The American Institute of CPAs has expanded to Congress its ongoing push for a narrower definition of “municipal advisor” than what the U.S. Securities and Exchange Commission proposed in 2010 in order to implement Section 975 of the Dodd-Frank Act.
Section 975 of the Dodd-Frank Act requires the SEC to regulate advisors to state and local governments who issue municipal securities. The law defined “municipal advisors” to include, among others, financial advisors. The AICPA supports the change as a means to strengthen investor protections in the municipal securities market and believes that the establishment of a permanent registration regime with the Commission for municipal advisors, including the imposition of certain record-keeping requirements, will further the goals of accountability and transparency in the financial system.
However, the AICPA believes the SEC’s proposed rules create too broad a definition of “municipal advisor.” The SEC did not completely carve out accountants from the definition of “municipal advisor” because it believes that some of the services accountants may provide would constitute advice that should require accountants to register (such as advice about the structure, timing, terms and other similar matters concerning the issuance of municipal securities).
The SEC did acknowledge though that some of the services CPA firms perform, such as the preparation or audit of financial statements, or the issuance of letters for underwriters by accountants, would not constitute the provision of advice (hence they would not have to register if performing only these services).
The AICPA’s Feb. 25, 2011 comment letter on the SEC’s proposed rules raised concerns that the definition of “municipal advisor” was still overly broad and would encompass accountants who are performing “customary and usual” accounting services. The letter concluded that such customary and usual services should not be subject to the required registration.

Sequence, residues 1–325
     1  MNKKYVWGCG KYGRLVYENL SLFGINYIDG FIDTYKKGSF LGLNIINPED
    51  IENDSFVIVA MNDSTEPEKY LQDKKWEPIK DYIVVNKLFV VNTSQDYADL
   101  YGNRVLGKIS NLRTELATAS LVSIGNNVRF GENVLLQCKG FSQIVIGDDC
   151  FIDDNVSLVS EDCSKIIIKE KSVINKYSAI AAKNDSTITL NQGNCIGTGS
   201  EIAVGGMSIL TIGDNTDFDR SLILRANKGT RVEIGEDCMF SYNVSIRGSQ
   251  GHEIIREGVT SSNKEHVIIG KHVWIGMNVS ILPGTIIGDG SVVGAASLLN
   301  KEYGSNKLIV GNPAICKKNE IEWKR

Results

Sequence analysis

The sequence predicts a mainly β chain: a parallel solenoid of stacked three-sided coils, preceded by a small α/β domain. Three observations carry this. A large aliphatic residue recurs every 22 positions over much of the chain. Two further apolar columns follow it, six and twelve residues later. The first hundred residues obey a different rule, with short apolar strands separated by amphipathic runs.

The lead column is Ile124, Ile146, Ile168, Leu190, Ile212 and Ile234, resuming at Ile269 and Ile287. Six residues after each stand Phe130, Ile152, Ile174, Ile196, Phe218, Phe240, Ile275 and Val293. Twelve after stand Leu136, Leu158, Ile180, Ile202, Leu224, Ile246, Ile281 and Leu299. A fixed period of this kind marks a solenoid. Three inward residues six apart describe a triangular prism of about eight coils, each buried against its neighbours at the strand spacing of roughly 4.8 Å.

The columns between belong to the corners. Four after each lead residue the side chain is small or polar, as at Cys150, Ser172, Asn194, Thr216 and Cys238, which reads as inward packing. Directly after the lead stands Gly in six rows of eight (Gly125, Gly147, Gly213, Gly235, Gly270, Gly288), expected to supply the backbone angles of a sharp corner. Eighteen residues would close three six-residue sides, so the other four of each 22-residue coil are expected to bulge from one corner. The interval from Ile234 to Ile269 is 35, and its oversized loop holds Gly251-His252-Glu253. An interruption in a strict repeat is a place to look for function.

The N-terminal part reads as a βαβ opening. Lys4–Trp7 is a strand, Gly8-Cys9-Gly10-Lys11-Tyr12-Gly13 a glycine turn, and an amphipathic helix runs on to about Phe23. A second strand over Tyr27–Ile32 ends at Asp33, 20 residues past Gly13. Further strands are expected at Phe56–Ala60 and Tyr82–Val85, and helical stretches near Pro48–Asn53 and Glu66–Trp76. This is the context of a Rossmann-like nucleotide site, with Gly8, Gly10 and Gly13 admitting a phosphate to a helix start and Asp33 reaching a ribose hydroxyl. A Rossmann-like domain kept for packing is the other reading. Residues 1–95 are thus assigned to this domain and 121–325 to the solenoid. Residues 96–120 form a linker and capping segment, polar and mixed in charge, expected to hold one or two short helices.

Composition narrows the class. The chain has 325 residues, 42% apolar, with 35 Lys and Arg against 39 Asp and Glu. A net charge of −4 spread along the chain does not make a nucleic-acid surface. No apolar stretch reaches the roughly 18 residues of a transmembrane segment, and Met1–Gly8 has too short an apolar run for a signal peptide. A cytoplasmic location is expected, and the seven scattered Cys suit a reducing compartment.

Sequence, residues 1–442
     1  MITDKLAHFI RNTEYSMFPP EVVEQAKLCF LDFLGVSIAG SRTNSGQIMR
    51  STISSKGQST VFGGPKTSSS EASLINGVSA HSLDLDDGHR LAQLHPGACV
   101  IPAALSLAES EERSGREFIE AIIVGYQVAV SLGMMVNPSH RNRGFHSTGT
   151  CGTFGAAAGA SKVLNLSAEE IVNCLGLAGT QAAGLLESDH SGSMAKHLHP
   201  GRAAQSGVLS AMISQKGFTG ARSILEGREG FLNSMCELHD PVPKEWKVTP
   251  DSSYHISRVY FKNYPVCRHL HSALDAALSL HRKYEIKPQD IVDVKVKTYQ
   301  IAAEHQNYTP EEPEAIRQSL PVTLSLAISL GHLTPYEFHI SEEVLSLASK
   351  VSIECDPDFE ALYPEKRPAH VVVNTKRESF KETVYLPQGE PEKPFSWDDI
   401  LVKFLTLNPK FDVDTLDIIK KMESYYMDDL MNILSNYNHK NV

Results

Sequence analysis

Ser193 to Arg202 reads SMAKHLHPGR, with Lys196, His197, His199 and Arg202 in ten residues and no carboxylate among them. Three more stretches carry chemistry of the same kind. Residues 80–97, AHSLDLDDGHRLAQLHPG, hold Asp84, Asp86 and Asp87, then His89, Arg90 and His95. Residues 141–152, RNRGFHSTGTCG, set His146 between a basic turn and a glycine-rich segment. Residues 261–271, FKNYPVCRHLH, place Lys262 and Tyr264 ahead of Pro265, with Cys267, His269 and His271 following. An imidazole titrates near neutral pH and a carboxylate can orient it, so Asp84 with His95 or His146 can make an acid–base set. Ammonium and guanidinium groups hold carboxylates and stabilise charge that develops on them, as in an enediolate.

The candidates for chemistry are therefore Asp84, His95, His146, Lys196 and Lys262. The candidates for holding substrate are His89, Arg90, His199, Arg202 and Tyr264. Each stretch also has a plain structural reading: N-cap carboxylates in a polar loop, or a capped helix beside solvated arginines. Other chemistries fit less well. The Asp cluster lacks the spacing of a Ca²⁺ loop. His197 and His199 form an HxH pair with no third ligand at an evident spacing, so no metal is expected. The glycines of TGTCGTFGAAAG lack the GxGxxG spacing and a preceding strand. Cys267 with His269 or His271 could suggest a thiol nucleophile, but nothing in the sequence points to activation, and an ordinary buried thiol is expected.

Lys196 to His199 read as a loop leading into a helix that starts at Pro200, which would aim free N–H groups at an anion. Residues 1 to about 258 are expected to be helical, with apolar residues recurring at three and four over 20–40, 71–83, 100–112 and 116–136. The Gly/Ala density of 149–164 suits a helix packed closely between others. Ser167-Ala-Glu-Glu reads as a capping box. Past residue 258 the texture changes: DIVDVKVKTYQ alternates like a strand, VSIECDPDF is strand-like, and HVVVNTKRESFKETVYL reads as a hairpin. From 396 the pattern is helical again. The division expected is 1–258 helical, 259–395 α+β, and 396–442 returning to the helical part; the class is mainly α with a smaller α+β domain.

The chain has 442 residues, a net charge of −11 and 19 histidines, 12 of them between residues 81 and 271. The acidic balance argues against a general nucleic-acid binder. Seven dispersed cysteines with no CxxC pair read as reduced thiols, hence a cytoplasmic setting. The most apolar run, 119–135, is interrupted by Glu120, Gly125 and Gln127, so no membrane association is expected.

The SEC has not yet issued a final regulation resolving the applicability of the registration requirement to accountants. The AICPA is continuing to work to encourage the SEC to modify the final rule based on the profession’s input.
On Aug. 26, 2011, Congressman Robert Dold, an Illinois Republican, introduced H.R. 2827, a bill to narrow the definition of municipal advisors. AICPA has worked closely with the Congressman to fashion an appropriate definition that will not encompass accountants performing customary and usual services.
A markup of the bill was held in the Subcommittee on Capital Markets of the House Committee on Financial Services on Aug. 1, 2012. Congressman Dold noted, in his opening statement that he is talking with Congresswoman Gwen Moore, a Democrat from Wisconsin, and with other members of the Committee, on a bipartisan basis, to create a substitute bill that would further refine the definition of a municipal advisor. The final details had not been worked out in time for the markup, but Congressman Dold said he intended to offer it at the full Committee markup of the bill, which will occur in September. Both Congressman Dold and Congresswoman Moore, in their opening statements, noted that the definition of” municipal advisor” must be narrowed so that a number of professions, including accounting, are not covered by the definition.
The AICPA will continue to work with members of Congress and SEC officials to achieve a solution.
For more information see the municipal advisors page on the AICPA’s website.